AFTER a weekend in which a batch of negative test results suggested that the current outbreak of equine influenza has been reasonably well contained, Britain’s horse racing industry will be desperately hoping that the sport is able to resume on Wednesday.

The British Horseracing Authority (BHA) has confirmed that despite around 1,500 horses having been tested in the last few days, the only six positive test results have come from the same stables owned by Donald McCain.

It had been feared that horses based at Rebecca Menzies’ yard in Sedgefield might have contracted equine flu, but the test results revealed at the weekend were negative. Miss Menzies has been widely praised for her proactive approach in flagging up a potential issue with the BHA, and her diligence is to be applauded.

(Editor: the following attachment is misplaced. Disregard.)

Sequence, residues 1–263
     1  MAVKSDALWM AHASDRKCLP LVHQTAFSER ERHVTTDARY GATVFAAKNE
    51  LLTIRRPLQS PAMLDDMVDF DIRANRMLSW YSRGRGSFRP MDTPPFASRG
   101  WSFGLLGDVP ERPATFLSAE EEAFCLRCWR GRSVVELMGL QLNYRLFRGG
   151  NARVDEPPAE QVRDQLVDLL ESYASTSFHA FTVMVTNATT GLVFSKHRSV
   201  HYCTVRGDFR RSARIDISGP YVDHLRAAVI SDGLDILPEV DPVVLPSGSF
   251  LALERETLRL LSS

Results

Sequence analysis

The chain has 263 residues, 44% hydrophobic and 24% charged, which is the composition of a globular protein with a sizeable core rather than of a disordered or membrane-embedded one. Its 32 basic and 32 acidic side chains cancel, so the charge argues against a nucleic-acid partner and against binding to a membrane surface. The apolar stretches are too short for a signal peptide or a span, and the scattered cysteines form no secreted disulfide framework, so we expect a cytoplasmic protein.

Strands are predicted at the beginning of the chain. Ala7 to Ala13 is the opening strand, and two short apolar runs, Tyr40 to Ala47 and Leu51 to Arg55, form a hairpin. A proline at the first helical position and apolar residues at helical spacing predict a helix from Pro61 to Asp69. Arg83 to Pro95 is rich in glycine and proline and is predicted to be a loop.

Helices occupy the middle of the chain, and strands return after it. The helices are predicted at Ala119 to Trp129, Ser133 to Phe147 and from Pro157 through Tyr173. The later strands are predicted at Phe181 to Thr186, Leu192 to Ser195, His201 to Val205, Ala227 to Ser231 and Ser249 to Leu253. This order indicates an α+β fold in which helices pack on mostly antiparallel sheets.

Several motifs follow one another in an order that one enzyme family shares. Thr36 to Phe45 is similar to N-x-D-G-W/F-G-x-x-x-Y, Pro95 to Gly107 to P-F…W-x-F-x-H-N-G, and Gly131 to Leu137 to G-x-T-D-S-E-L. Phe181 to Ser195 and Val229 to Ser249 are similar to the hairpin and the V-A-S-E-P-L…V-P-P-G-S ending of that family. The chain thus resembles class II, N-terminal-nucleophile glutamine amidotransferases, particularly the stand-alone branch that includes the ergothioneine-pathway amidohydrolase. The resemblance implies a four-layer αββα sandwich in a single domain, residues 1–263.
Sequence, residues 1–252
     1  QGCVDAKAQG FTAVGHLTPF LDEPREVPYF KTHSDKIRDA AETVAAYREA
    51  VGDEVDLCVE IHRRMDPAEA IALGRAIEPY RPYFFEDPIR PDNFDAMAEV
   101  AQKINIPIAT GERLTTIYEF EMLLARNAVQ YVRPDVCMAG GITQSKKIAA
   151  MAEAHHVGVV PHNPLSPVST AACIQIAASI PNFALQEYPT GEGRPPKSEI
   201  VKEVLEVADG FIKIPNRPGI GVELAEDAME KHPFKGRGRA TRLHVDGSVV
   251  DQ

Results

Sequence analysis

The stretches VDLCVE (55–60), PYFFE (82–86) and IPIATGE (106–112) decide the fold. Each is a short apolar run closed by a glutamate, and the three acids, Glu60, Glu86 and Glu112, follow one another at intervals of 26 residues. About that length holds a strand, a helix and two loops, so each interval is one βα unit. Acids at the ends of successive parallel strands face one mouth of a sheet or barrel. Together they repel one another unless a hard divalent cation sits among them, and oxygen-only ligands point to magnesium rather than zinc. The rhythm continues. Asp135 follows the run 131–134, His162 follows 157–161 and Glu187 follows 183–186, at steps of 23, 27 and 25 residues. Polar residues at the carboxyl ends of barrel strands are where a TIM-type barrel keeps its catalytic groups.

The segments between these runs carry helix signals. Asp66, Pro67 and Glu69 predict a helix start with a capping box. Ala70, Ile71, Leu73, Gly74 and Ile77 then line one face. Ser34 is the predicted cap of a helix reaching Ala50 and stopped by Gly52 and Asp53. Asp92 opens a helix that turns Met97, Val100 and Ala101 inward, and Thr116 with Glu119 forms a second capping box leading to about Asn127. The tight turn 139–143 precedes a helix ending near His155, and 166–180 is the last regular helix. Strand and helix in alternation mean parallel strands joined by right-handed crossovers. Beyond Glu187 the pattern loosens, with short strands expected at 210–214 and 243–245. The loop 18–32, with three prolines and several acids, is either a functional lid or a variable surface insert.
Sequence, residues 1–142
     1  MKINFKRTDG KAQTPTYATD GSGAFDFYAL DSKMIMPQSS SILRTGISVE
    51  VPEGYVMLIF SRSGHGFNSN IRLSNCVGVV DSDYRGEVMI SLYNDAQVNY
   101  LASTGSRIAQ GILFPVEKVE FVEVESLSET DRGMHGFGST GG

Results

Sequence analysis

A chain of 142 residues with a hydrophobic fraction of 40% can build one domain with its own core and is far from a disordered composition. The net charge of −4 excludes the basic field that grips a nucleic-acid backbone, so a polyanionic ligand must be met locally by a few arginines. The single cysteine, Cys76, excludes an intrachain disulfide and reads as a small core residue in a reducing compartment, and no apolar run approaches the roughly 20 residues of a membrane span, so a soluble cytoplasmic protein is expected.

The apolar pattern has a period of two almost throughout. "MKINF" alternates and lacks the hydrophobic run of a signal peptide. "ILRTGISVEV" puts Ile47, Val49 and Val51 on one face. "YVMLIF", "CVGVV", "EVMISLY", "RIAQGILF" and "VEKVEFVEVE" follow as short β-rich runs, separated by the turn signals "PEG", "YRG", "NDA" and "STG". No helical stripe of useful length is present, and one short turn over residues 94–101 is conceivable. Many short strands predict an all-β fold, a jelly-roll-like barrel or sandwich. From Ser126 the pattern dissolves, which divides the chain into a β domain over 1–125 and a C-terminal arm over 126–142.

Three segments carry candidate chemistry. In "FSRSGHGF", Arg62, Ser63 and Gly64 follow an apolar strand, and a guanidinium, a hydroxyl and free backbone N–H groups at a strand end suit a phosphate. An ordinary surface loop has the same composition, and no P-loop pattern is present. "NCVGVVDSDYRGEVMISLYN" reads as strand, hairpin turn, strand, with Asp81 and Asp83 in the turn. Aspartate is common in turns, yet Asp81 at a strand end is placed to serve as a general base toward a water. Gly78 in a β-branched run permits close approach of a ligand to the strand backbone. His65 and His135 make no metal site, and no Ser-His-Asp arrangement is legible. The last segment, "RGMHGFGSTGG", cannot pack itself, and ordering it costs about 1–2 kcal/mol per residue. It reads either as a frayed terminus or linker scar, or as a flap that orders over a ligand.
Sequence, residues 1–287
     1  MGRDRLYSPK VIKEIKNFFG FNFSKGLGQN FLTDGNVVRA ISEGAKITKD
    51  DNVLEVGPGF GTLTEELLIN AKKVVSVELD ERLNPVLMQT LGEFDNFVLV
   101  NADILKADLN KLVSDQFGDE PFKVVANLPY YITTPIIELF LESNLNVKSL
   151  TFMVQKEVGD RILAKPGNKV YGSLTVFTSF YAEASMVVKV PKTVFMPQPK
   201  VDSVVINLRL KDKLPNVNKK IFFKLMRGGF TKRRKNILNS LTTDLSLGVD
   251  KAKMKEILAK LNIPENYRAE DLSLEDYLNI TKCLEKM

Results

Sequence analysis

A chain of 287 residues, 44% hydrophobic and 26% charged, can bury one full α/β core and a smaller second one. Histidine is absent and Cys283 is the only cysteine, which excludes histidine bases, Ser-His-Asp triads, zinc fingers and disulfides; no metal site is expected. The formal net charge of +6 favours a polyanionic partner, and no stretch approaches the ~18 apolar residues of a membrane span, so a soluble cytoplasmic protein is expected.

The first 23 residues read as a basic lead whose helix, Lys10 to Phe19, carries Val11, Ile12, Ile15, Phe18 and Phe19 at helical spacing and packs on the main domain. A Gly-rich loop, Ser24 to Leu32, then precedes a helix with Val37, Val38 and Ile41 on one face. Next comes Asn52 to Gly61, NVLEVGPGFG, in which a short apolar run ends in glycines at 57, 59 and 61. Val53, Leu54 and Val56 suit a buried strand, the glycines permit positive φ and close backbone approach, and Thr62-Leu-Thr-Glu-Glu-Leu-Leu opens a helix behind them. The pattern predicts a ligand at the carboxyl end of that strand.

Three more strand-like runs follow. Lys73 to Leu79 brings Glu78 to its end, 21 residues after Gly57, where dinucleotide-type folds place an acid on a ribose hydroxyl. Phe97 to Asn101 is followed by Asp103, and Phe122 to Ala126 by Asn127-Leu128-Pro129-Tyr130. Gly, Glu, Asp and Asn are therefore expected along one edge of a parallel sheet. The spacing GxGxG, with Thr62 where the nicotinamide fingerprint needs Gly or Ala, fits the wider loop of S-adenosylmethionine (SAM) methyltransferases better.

A number of trainers have criticised the BHA’s decision to suspend racing, but given the risk of the disease spreading rapidly, they were surely right to err on the side of caution.

By conducting so many tests in an environment where horses from different stables are not mixing, they can be confident the current outbreak is under control.

That should hopefully enable racing to resume shortly, which will be a huge relief to the individuals and businesses in our area that rely on the sport.

The horse racing industry is one of North Yorkshire’s biggest employers, and while a week-long shut down should not be too damaging, the prospect of the current situation stretching on much longer is alarming.